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Someone in the future is going to read one of the social interaction scenes in a Charles Stross novel and marvel at the eerily accurate depiction...

If you use org-mode, this is what made my emacs experience reach a whole new level (I literally have every aspect of my life in .org files now - I can tell you what I ate for lunch 7 months ago, which isn't especially useful but really fun to point out).

You don't seem like an emacs newbie though, so you might have already seen the above. Recently I came across this setup, which has an inspiring organization and some very cool ideas which might be useful to you. This guy also wrote org-drill, an awesome SRS implementation for emacs - it even supports incremental reading!

I attempted this today but without an API (LW's fork of the reddit codebase looks pretty old) I don't think I can get very far.

Is there a better way to read Less Wrong?

I know I can put the sequences on my kindle, but I would like to find a way to browse Discussion and Main in a more useable interface (or at least something that I can customize). I really like the threading organization of newsgroups, and I read all of my .rss feeds and mail through Gnus in emacs. I sometimes use the Less Wrong .rss feed in Gnus, but this doesn't allow me to read the comments. Any suggestions?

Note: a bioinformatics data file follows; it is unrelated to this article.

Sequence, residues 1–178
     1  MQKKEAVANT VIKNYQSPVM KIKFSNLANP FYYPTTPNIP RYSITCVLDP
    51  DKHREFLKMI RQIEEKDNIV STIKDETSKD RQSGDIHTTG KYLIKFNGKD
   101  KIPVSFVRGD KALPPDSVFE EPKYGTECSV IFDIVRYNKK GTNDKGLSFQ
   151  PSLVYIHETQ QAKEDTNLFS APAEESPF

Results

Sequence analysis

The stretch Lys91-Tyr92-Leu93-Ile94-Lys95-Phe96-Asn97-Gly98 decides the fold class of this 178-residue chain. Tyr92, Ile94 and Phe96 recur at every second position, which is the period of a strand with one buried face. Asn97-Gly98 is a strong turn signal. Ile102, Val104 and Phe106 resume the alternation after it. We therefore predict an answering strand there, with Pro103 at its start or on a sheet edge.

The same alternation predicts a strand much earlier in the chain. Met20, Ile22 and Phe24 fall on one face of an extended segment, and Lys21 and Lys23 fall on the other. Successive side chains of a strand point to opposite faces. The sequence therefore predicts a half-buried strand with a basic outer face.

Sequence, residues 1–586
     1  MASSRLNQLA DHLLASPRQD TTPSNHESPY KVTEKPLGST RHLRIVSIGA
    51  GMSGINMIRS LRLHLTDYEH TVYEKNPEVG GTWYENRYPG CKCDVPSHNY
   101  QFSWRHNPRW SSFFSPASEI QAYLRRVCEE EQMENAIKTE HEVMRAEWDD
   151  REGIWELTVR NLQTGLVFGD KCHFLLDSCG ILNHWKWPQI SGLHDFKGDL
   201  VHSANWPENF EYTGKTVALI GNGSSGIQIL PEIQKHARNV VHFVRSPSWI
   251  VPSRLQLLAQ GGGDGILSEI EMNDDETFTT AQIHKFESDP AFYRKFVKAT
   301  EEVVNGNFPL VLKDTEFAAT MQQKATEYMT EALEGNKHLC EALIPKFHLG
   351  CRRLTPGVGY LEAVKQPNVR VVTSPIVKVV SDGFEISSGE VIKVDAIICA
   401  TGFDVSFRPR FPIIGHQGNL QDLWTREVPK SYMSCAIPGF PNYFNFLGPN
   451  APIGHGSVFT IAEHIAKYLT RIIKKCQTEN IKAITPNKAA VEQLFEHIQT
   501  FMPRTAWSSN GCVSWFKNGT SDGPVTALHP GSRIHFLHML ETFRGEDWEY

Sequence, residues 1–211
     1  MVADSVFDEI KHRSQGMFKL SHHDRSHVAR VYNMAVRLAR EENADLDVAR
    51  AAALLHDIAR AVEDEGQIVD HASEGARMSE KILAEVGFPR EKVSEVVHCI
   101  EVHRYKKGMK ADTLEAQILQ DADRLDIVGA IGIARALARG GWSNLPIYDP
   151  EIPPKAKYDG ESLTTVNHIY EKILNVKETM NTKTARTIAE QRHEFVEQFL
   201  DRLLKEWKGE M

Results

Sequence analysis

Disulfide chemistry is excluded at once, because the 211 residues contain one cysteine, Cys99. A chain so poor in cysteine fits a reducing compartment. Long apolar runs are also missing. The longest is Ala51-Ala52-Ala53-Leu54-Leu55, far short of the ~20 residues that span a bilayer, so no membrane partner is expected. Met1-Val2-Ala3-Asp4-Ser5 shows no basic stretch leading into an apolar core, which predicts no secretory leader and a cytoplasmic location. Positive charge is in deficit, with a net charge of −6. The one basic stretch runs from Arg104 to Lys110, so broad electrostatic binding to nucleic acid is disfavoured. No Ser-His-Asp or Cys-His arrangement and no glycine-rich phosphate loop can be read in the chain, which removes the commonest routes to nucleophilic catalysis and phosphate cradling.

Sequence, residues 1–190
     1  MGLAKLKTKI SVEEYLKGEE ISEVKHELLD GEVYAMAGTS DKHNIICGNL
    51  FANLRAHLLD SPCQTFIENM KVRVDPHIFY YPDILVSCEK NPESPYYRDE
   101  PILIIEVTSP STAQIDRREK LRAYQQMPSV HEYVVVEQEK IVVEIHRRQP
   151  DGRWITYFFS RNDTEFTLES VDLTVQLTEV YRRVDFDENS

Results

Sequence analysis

Also, if any other emacs users are interested, I would love to make a lesswrong-mode package. I'm not a very good lisp hacker, but I think it would be a fun project.

Being relatively young I get really excited when someone gives advice that they wish they realized earlier (as if I'm privy to some unique and incredibly useful information), but I've now realized the huge plethora of information that I wish I could share with the "me of 2 years ago". After years of reading reddit, hacker news, etc, I must have come across hundreds of similar advice threads, and yet even now I feel like there are just so many things I figured out way too late. Our brains have a horrible self satisfaction mechanism.

Not that this devalues your advice at all (I have similar problems, so I'm incredibly grateful for the link). Just an observation.

I guess this would depend on (1) the extent to which unnecessary sympathy effects my daily life and (2) how the consideration of hypothetical events would effect the evolution of my moral system with respect to this new constraint.

The former is negligible to me, but the latter seems potentially dangerous. I don't know exactly how not being a psychopath effects my reasoning, so I don't think I would be comfortable taking the pill. Maybe if I could backup my mind...

You could define equivalence relations on the set of religious people (RP) and the set of atheistic humanists (AH). In most cases, the people in the sets only interact with (or at least influenced by) other members of the same or similar sets. Turn these interactions into operations on members of the set (a,b in RP, a*b = "a makes b feel awkward/scared/unhappy around a" or maybe something based on social relationships between members). These operations would create new "people" whose characteristics are similar to that of the person who has been molded by the defined social interaction(s).